The transgender – cross dresser local group Liz and I are members of have decided to open the doors again to a rather aggressive social schedule.
I think it is time to venture out if people have been vaccinated so I have no problem with doing it.
Saturday is the first social get together in public, followed by an on line support group meeting on Monday and yet another public social next Thursday.
With everyone being so tired of staying home for so long, more than likely all events will be well attended.
The socials are a very good idea for experienced and novice transgender women of all kinds. Most importantly, the venues know we are coming and provide a safe space. Very simply, it is a chance to get out in the public’s eye and try out fitting in in the feminine world.
The best part is so far, everyone has not embarrassed the group by doing something decidedly ignorant.
Even though we will not be attending Saturday nights social, it’s a very good chance I will be at the other two. If you happen to be in the metro Cincinnati, Ohio area and need information, let me know.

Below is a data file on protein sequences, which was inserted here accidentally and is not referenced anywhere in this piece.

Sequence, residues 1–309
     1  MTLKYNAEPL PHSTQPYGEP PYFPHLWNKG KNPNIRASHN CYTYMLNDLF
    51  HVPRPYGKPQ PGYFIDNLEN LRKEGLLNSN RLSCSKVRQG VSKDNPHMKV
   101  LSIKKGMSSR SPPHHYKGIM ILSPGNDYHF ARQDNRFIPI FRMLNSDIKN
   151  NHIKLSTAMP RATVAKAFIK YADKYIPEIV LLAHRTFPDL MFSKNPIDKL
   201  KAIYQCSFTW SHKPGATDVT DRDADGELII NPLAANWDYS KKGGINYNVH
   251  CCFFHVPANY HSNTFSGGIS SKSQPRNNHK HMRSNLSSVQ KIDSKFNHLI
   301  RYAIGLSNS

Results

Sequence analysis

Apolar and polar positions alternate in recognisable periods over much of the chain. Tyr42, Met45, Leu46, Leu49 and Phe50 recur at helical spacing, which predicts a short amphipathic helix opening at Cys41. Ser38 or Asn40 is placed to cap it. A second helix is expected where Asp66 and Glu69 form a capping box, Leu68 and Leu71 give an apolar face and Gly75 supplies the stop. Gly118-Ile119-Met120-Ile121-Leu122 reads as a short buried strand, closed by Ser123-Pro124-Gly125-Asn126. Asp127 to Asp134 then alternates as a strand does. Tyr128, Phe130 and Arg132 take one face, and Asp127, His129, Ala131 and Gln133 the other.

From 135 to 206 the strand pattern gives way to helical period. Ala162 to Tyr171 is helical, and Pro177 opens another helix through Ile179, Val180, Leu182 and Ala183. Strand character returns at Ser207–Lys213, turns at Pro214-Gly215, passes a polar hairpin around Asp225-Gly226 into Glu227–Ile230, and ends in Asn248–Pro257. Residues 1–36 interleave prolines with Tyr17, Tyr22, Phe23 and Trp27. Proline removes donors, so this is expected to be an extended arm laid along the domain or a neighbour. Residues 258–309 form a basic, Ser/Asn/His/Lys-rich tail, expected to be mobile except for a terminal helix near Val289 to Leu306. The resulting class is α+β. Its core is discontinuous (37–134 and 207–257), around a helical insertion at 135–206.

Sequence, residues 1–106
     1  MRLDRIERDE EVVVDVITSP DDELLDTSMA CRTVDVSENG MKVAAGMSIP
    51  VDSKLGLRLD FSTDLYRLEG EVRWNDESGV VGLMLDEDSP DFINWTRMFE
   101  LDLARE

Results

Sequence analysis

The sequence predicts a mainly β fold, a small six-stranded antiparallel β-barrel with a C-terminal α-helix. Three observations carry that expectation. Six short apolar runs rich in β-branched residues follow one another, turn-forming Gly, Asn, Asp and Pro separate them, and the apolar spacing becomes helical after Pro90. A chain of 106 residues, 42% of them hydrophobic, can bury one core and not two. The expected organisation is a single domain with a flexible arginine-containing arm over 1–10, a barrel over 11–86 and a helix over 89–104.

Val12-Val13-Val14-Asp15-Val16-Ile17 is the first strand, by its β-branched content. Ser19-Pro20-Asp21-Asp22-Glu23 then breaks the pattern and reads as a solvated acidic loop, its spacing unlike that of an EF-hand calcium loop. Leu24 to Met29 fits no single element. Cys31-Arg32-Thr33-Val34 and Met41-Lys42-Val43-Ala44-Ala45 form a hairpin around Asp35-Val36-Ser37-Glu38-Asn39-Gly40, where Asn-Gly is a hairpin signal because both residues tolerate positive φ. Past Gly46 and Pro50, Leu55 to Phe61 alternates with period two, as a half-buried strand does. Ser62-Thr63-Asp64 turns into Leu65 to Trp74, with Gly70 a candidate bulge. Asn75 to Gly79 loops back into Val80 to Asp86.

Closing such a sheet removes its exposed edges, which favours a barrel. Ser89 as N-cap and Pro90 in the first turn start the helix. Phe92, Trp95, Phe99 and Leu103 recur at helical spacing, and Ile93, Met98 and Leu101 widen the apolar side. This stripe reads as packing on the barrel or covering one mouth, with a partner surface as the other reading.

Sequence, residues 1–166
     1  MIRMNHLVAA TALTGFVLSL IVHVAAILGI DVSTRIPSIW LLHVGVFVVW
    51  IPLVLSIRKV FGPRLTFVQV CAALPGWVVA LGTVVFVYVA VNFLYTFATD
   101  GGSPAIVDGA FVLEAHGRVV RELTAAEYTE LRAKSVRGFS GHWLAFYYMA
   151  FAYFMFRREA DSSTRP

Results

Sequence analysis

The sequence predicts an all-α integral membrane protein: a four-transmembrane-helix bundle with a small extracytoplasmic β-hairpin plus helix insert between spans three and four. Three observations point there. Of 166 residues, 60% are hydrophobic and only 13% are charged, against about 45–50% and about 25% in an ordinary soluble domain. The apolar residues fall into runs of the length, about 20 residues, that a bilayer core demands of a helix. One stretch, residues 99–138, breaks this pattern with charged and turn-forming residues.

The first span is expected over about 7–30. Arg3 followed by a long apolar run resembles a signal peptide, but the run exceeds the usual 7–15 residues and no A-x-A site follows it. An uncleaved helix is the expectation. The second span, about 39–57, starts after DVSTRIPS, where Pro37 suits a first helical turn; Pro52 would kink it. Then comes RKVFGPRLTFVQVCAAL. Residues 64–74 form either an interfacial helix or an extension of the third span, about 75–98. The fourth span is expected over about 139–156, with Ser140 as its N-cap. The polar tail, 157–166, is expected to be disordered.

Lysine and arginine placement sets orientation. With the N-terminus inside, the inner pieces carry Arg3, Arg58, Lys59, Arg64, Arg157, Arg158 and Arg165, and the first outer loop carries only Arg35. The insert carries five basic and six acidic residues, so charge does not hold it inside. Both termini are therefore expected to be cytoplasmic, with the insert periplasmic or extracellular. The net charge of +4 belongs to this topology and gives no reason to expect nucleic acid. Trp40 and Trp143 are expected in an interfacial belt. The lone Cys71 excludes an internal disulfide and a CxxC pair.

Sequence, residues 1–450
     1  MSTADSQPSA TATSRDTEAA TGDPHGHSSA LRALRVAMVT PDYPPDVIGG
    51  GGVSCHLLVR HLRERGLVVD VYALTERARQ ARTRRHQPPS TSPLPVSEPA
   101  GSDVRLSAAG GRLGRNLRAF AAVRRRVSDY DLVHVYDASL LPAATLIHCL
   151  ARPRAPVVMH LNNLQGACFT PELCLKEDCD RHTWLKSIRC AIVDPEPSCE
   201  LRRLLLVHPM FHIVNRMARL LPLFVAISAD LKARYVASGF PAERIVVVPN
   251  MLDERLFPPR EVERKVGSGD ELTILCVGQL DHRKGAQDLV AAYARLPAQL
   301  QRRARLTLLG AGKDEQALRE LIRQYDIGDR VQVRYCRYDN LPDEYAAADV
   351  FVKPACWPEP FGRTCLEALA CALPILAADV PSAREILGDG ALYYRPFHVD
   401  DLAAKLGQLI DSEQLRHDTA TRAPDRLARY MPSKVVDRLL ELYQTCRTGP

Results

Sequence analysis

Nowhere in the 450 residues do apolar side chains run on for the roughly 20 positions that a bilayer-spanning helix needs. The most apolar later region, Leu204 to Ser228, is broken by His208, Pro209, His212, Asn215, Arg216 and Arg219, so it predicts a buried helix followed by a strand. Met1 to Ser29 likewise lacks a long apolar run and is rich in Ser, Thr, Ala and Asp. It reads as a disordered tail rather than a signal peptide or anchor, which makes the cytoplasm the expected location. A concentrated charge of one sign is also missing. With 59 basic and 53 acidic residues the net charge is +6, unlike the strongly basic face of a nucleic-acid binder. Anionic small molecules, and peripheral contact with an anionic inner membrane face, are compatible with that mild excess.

Jari Jones is an actress, model, and LGBTQ+ advocate. Last year, she was one of nine models featured in an advertisement for Calvin Klein in New York City. The brand’s 2020 Pride campaign #PROUDINMYCALVINS, was a huge accomplishment. In an Instagram post she wrote, “It has been such an honor and pleasure to sit in my most authentic self and present imagery of a body that far to often has been demonized, harassed, made to feel ugly and unworthy and even killed.”
The area in and around Cincinnati, Ohio is well known for it’s historical connections in aiding runaway slaves during the Underground Railroad days preceding the Civil War.
In 2015, Liz and I toured the “Rankin House” near Ripley, Ohio east of Cincinnati when I was more mobile. The picture above was taken facing the Ohio River which flows downhill from the historic house. Known for it’s success in helping runaway slaves escape.
Afterwards we crossed the Ohio on a small ferry boat and ate lunch in historic Augusta, Kentucky, the home of George Clooney.
It was a relaxing day and one to remember because my transgender transition was still so new and scary as well as being exciting. The day went well, and no, we didn’t see George.
It turns out, my posts objecting to the domination of drag queens in more than a few of the LGBT Pride events elicited several wonderful comments on the three platforms I am writing on now (Blogger, WordPress and Medium).
Here is one from Michelle: